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The J Spotter

Personal insights from the J Spot author J. Angelo Racoma
( this site has moved to http://jangelo.racoma.net )

The J Spotter » Scents in the air

Scents in the air

The MRT smelled like coffee this morning. Come to think of it, the office smelled like coffee as I arrived this morning. And it wasn't the sweet, strong aroma of coffee drip-brewing, as would usually signal that I've arrived (I'm one of the resident coffee connosieurs). It's the smell of instant coffee mixed with newspaper ink; yes that's what it was. Nescafe had been publishing advertisements in major dailies recently, appealing to the olfactory senses, in a similar way that cosmetic companies advertise their perfumes in magazines. And to what do we owe the pleasure (or displeasure, in my case, as you would see later on) of this appeal to our sense of smell? It's this free newspaper called Libre (English translation: "Free"), which is an ad-supported tabloid-format daily by the publishers of the Philippine Daily Inquirer ("PDI" or "the Inquirer"), a widely-circulated broadsheet.

Now what I dislike about the Inquirer (and its other publications) is that their paper and ink have a distinctly pungent smell (in my humble opinion), which I find quite offensive. Multiply this by the number of MRT commuters who find time to fight their way to the newspaper rack to get their free copy of Libre ( Filipinos are, indeed, fond of anything that's free), the result is an allergic reaction from my sensitive sinuses. I guess the smell is because of the recycled paper and soy-based ink used in PDI publications, or as claimed by the publishers.

Don't get me wrong. I love the smell of paper. I'm that type of person whose memories would be triggered by scents. And the scent of paper, for instance, in a library, would conjure a number of memories, emotions and visions in my mind. It's just that I'm not too fond of certain smells, in particular that of certain publications, most especially if you get to smell it everyday. I guess there's a tradeoff between print quality and environment-friendliness.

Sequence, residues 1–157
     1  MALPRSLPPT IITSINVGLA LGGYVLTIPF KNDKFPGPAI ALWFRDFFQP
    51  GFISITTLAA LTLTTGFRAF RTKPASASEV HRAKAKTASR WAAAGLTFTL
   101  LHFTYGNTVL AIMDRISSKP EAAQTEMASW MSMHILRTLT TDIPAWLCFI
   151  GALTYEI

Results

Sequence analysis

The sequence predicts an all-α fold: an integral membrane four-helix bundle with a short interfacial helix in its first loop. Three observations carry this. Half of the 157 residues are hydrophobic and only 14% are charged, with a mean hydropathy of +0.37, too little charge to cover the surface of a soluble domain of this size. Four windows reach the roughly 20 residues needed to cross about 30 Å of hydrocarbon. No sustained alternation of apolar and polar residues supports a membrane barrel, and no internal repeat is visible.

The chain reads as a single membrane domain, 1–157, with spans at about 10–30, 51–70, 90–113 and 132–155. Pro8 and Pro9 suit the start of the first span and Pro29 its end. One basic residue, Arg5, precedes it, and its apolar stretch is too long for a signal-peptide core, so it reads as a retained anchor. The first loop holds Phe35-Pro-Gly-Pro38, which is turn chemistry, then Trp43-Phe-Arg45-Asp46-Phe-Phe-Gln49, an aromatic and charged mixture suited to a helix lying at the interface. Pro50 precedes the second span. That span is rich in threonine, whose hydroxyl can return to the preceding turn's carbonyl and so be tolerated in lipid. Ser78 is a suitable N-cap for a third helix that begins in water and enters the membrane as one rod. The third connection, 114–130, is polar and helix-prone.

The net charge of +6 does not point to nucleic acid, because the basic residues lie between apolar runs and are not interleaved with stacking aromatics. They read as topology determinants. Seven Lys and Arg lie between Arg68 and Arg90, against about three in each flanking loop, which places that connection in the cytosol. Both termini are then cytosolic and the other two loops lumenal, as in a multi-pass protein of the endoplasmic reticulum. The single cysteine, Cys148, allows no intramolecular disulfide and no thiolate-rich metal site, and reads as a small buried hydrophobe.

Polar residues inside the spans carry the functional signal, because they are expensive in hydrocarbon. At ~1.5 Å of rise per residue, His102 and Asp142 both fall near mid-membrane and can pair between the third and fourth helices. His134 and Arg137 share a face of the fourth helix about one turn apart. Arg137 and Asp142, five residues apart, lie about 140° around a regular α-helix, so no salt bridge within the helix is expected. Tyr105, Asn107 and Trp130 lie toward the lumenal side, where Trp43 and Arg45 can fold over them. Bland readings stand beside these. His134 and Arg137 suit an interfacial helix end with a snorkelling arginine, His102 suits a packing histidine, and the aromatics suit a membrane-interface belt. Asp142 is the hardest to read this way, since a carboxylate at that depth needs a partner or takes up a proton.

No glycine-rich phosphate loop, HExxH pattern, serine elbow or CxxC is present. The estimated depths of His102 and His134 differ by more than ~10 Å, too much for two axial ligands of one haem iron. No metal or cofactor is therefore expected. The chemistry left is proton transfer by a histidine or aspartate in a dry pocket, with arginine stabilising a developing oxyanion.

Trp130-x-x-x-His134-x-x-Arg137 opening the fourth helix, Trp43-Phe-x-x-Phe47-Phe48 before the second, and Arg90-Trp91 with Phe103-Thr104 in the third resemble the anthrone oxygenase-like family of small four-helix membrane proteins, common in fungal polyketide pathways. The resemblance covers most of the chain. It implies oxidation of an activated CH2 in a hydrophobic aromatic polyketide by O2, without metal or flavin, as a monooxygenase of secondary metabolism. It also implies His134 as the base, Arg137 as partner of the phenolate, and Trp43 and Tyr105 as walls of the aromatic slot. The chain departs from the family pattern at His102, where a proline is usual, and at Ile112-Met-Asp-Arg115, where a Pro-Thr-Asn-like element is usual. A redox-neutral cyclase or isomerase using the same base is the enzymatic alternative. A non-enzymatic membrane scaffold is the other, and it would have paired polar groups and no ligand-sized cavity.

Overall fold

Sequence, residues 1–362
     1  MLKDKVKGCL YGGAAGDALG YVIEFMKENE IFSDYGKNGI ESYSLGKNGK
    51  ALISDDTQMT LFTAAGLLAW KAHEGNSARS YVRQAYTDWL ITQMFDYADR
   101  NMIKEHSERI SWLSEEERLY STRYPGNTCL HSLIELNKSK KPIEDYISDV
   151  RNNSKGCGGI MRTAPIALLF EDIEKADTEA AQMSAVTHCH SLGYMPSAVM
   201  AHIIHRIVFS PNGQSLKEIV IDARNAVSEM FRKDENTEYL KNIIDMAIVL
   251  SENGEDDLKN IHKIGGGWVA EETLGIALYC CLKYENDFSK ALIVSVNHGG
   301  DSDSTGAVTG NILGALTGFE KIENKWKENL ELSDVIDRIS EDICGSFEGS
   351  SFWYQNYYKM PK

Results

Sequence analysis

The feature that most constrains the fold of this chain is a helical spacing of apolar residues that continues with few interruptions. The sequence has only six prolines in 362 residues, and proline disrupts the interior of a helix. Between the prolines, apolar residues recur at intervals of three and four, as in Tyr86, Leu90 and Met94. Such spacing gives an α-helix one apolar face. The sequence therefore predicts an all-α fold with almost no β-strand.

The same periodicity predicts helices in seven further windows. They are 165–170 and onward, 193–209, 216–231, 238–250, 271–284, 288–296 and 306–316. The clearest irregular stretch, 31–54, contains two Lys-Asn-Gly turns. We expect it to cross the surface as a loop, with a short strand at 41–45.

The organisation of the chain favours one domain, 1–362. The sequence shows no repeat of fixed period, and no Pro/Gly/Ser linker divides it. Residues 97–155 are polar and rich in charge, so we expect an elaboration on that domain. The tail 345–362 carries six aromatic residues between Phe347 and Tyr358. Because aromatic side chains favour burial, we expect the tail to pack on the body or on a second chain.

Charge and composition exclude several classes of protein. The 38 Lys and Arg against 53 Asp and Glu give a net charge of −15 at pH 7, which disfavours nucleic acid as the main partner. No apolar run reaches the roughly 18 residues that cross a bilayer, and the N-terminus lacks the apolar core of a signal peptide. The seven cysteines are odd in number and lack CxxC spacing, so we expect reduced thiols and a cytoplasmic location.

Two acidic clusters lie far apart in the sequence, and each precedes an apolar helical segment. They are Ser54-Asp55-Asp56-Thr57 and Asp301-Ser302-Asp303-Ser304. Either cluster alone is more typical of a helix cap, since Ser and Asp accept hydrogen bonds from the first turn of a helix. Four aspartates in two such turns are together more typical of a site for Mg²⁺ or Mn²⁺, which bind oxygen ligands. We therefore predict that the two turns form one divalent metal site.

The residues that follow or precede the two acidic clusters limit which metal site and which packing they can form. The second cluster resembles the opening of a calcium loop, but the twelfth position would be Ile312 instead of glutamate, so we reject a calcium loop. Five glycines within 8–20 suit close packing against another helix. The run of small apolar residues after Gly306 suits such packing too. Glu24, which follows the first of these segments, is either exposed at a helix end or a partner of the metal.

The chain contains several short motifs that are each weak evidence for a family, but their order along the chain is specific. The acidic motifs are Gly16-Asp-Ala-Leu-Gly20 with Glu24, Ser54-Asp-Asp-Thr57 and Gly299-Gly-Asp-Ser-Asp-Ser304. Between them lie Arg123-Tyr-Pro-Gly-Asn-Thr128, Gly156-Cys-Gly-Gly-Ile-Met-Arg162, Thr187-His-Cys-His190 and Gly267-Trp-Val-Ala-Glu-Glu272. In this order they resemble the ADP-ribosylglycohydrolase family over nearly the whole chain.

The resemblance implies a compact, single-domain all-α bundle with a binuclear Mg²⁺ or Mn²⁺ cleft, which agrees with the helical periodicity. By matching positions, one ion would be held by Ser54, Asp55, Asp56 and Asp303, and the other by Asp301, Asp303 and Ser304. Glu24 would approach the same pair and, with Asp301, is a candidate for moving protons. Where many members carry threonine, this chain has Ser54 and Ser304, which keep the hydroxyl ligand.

Tomorrow, as I ride the MRT to work, I would again expect the diffusion of soy-based ink in the air, perhaps with a hint of Nescafe instant coffee. I'd just have to content myself with reading my Time, Newsweek, The Economist, FEER, or Businessweek issues (current ones, or my collection of back-issues, borrowed--ok, stolen--from airport lounges), perhaps less environment-friendly, but definitely with better print quality!

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good to know that there is another nose friendly person out there, its hard to live in a world with many smells and not create a memory for it (like the smell of grandmas cookies on christmas, that sort of thing) Live long and have fun (and by the way, your great with words, could almost smell the coffee and newpaper)

Posted by Blogger FlUfFi Bunni MASTER on Wednesday, August 11, 2004 1:03:00 PM  




Thanks FlUfFi Bunni MASTER! I guess having a sensitive nose is both a boon and a bane. You get to appreciate the world through its scents, yet you also easily get repulsed by the not-so-desirable scents.

Angelo

Posted by Blogger J. Angelo Racoma on Wednesday, August 11, 2004 1:10:00 PM  



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